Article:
08 February 2013

Student's interactive LEGO clock finds fame

Postgraduate student Alexander Allmont, who is in his second year of a part-time MPhil/PhD degree, has a new permanent installation at the Mechanical Art and Design Museum in Stratford-upon-Avon.

Alexander Allmont's LEGO clock

The interactive LEGO clock, which is rewound by the audience at the push of a button, runs entirely from gravity. The seconds and minutes are counted as a weight falls to the ground. Alex cites the inspiration behind his installation as a “desire to share moments of realisation/attention, where complexity melts away into something more tangible as the workings become apparent”. He chose to use a clock as it is a complex machine, but is also every-day and accessible. The toy medium of LEGO was chosen because it’s familiarity provides an invitation to interact and play with it.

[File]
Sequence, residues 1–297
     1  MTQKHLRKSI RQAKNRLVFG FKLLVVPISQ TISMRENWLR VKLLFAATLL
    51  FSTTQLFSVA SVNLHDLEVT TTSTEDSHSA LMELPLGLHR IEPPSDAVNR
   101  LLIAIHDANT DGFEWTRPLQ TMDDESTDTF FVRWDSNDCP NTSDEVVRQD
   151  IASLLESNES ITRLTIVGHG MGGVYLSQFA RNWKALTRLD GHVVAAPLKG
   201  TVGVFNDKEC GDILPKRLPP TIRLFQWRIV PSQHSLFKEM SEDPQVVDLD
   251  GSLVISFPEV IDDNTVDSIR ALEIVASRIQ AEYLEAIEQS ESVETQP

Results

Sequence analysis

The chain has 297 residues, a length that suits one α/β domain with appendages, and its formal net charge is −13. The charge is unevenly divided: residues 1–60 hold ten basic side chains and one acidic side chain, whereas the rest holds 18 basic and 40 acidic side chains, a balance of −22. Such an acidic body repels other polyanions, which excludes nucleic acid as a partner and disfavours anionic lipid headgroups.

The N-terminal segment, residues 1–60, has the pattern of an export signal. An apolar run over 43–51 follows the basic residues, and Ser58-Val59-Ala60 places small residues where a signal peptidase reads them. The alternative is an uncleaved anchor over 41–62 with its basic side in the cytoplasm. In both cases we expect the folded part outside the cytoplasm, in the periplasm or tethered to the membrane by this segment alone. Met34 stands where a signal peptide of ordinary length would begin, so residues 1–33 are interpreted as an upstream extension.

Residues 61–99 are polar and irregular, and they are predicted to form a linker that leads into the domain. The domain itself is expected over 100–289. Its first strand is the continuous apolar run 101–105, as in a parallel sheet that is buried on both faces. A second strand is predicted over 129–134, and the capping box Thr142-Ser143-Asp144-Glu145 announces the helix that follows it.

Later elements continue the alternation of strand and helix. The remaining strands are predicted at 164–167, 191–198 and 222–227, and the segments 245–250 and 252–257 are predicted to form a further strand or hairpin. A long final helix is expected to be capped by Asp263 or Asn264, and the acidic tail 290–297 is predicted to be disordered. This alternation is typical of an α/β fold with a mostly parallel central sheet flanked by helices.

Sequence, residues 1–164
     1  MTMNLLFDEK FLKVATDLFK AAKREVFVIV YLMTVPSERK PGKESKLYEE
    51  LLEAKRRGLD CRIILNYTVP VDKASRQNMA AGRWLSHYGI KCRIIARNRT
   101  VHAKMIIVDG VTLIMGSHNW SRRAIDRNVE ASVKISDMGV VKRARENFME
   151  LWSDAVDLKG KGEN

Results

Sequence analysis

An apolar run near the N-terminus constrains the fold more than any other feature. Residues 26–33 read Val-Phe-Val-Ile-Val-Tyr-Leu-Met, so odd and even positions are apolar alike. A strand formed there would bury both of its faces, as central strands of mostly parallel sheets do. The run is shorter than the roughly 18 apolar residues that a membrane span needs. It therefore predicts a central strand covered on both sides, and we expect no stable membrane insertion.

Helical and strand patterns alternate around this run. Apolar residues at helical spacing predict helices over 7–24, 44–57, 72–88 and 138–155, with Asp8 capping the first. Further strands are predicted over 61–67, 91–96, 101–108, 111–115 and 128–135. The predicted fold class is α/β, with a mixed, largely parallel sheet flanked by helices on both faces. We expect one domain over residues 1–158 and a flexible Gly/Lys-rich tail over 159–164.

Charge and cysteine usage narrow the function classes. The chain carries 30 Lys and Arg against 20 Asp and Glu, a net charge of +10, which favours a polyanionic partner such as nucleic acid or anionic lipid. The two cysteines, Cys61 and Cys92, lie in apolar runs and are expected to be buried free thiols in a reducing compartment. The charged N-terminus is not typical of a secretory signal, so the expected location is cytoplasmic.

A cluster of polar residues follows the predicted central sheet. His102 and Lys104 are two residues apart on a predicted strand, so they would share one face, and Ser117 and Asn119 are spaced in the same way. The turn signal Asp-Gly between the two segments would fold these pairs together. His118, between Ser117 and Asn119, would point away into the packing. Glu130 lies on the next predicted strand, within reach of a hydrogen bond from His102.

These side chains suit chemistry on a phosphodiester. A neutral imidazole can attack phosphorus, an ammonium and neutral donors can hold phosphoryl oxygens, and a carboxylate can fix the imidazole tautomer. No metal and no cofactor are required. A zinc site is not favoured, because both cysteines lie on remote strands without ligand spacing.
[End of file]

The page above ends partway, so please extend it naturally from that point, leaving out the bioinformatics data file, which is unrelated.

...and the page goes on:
The installation is a redesign of a clock that Alex developed during his MA in Contemporary Art and Music at Oxford Brookes which was displayed at Kinetica 2012. It was there that he met the Mechanical Art and Design Museum team, and they discussed a permanent custom-built wall-mounted installation.

Alex commented, “It feels great to have an installation at the Mechanical Art and Design museum. I worked with them to ensure everything felt right, and within minutes of the install a boy sat down and watched it mesmerised. It’s very satisfying to see people get lost in something like this”.

Alex is currently working on three pieces which will be displayed at Kinetica 2013 in London at the end of February. These pieces include a personal copy of the clock, a polyrhythmic cymbal-playing machine, and a wall-mounted machine that manipulates a synthesiser and guitar pedals to generate a shifting musical piece. He is also developing a workshop with the Music Hackspace in London to build collaborative rhythmic performances; which relates to his research into tipping points in perception particularly when interacting with rhythm.